The organisation Save China’s Tigers, working with the Wildlife Research Center of the State Forestry Administration of China and the Chinese Tigers South Africa Trust, secured an agreement on the reintroduction of Chinese tigers into the wild. The agreement, which was signed in Beijing on 26 November 2002, calls for the establishment of a Chinese tiger conservation model through the creation of a pilot reserve in China where indigenous wildlife, including the South China tiger, will be reintroduced. Save China’s Tigers aims to rewild the critically endangered South China tiger by bringing a few captive-bred individuals to a private reserve in the Free State province of South Africa for rehabilitation training so that they can regain their hunting instincts. At the same time, a pilot reserve is being set up in China. Once it is ready, the offspring of the trained tigers will be released there, while the original animals will stay in South Africa to continue breeding. The reason South Africa was chosen is because it is able to provide expertise and resources, land and prey for the South China tigers. The South China tigers of the project have since been successfully rewilded and are fully capable of hunting and surviving on their own. This project has also been very successful in the breeding of these rewilded South China tigers and 14 cubs have been born in the project, of which 11 survived. These second generation cubs would be able to learn their survival skills from their successfully rewilded mothers directly. It was hoped that in 2012 the second-generation tigers born at Laohu Valley Reserve could be released into the wild.

Work is still ongoing, though no reserve has yet been formed. We can only encourage and pray that this changes. For the foreseeable future, the only South China tigers in the wild, will live in South Africa. 

Caspian Tiger

Caspian Tiger

The Caspian tiger (it was also called Balkhash tiger, Hyrcanian tiger, Turanian tiger, and Mazandaran tiger) was a tiger subspecies native to eastern Turkey, northern Iran, Mesopotamia, the Caucasus around the Caspian Sea, Central Asia to northern Afghanistan and the Xinjiang region in western China. Until the Middle Ages, it was also present in southern Russia. It inhabited sparse forests and riverine corridors in this region until the 1970s.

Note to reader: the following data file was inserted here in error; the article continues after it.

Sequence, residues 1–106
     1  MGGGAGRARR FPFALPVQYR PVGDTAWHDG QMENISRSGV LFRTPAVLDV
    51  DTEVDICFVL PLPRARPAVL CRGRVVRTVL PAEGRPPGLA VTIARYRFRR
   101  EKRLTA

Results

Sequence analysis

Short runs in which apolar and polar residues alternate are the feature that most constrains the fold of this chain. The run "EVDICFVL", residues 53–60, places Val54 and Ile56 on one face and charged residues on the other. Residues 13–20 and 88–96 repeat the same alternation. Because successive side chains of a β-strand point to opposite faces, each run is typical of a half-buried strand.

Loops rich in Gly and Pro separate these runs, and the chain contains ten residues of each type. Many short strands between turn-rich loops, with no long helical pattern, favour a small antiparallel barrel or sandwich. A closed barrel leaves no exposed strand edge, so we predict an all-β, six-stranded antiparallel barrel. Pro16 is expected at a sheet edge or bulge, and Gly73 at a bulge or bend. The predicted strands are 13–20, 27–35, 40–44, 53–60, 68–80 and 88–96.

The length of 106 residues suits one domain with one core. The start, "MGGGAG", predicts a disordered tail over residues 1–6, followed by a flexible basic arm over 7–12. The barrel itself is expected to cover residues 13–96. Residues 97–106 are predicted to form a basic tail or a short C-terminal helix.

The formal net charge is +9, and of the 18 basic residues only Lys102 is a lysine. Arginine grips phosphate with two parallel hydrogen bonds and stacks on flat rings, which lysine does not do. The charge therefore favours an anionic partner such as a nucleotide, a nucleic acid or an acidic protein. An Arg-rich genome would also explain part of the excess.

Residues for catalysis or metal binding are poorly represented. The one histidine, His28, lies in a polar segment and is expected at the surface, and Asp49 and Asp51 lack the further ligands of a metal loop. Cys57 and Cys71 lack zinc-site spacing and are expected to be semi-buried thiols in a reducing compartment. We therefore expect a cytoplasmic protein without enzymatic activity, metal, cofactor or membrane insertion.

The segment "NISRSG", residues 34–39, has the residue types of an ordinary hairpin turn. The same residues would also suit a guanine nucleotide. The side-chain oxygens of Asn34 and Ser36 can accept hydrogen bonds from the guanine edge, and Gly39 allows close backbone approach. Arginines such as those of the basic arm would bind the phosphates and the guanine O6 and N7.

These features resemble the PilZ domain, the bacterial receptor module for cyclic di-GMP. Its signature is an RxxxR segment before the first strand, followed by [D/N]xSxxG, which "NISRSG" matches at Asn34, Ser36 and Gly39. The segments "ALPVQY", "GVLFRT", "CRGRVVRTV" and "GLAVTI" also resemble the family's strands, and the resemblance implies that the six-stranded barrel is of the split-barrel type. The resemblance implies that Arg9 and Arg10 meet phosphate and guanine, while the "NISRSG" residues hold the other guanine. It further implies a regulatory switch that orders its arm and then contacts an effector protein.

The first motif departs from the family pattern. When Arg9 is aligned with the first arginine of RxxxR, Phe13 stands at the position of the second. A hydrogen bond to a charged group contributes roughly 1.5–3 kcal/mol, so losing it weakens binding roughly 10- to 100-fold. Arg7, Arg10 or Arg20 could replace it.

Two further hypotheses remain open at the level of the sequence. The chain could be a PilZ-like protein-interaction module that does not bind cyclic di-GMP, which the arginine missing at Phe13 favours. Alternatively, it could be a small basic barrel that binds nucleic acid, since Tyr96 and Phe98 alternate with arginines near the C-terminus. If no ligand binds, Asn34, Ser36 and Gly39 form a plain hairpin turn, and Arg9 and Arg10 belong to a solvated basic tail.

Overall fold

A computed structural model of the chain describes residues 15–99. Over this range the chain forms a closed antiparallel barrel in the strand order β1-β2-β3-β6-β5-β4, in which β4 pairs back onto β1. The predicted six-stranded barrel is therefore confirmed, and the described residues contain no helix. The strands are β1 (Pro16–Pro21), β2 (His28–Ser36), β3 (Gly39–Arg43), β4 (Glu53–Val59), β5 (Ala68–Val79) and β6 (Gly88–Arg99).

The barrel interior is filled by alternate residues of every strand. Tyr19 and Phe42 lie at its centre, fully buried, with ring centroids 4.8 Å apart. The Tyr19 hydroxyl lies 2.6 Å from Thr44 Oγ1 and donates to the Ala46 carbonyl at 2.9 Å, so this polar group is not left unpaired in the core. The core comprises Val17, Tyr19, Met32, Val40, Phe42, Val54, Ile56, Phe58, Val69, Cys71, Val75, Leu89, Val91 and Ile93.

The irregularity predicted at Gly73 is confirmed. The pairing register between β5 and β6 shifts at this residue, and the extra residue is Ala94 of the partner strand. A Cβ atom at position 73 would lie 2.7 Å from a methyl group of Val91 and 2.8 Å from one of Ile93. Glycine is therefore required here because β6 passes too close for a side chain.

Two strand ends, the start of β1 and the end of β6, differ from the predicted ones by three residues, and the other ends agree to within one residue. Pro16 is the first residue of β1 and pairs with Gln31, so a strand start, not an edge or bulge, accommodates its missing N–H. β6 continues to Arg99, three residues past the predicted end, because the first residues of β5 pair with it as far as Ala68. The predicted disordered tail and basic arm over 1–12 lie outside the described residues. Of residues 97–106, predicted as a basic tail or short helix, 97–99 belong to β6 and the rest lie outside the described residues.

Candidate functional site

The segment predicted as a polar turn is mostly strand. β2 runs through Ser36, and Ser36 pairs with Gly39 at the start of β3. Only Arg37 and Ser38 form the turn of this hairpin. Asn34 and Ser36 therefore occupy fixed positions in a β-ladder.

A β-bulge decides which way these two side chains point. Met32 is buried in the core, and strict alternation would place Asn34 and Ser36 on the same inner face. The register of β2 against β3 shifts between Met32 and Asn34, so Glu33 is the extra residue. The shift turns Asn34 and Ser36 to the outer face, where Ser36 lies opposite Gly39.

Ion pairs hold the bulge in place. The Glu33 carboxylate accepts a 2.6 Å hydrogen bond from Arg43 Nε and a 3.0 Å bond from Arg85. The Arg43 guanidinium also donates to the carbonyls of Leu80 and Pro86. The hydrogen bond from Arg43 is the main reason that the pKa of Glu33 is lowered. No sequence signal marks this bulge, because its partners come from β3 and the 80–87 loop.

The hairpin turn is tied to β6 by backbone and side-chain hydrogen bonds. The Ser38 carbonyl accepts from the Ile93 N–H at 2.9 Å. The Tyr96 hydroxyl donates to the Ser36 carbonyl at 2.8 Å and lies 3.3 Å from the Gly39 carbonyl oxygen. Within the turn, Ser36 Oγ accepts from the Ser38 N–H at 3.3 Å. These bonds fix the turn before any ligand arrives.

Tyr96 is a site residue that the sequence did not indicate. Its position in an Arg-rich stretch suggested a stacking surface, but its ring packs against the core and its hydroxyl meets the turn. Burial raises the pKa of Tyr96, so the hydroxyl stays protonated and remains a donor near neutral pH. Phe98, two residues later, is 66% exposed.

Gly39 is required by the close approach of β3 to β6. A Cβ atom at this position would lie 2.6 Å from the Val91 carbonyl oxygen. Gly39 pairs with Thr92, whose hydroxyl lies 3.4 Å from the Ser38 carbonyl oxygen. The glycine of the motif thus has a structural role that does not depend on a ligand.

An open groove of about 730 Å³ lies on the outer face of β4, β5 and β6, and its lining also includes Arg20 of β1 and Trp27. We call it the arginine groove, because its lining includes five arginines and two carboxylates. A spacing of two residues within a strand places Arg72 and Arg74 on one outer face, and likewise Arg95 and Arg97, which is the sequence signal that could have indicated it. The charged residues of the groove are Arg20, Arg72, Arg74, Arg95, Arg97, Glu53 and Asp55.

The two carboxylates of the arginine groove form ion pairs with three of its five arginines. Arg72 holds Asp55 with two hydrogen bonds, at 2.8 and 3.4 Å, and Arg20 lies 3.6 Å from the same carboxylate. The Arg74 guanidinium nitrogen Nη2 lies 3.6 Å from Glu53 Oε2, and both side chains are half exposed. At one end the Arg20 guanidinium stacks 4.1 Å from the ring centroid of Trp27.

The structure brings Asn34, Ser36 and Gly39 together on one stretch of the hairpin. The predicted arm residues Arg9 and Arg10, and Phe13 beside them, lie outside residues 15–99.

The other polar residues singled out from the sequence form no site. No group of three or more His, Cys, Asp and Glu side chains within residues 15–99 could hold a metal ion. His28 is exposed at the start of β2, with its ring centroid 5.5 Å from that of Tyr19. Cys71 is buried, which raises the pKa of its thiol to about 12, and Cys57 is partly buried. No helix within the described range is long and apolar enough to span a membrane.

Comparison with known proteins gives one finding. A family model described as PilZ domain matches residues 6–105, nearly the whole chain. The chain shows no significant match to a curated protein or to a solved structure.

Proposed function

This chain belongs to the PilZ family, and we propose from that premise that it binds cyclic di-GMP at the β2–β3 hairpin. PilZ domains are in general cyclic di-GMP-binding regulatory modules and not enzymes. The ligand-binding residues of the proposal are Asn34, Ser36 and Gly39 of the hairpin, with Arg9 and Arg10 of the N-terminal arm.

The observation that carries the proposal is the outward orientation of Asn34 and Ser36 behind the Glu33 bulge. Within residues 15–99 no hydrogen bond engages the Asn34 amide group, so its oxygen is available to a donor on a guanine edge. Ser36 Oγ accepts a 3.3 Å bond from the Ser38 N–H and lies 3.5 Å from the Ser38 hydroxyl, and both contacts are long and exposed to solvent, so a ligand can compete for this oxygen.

This population was regarded as a distinct subspecies called the Caspian tiger and assessed as extinct in 2003. However genetic analysis showed that the two subspecies shared a common continuous geographic distribution until the early 19th century. As such they are not distinct enough to be considered a separate subpseices. The encouraging thing about this, is that it means that if the Amur tiger continues to recover, it can also be translocated throughout the Caspian tiger range, as well as the whole of the former Amur tiger range. Some of the tigers from this area were smaller, but not by too much.

Currently, there is no tigers in the Caspian tiger range, hopefully there will be soon – there is a plan to reintroduce them to Kazakhstan, work has been underway for quite some time, to get the area ready for the tigers return. This work is still underway, and unless something strange happens it should still occur in the future.

Indo-Chinese Tiger

Indo-chinese Tiger

This sub-species is found in Myanmar(85)) and Thiland(237), with a total population of an estimated 342 individuals. Back in 2009-2014 the population was thought to be between 189-252 in this period. Vietnam is only thought to have 5 remaining, while Laos is thought to have 2. Historically, it was also found in Cambodia and China. Historically, it is thought that this species range would have gone further North, potentially up to Chittagong Hill Tracts and Brahmaputra River basin, where the Bengal tiger populations range ended.

In Myanmar, surveys were conducted between 1999 and 2002, confirming the presence of tigers in the Hukawng Valley, Htamanthi Wildlife Sanctuary and in two small areas in the Tanintharyi Region. The Tenasserim Hills is an important area, but forests are harvested there (which means that they may be too much disruption for the tiger to survive here). In 2015, a camera trap took an image of a tiger in the hill forests of Kayin State. Camera trap surveys between 2016 and 2018 revealed about 22 adult individuals in three sites that represent 8% of the potential tiger habitat in the country. How many the rest of the country could support even if they had to be reintroduced is beyond the scope of this.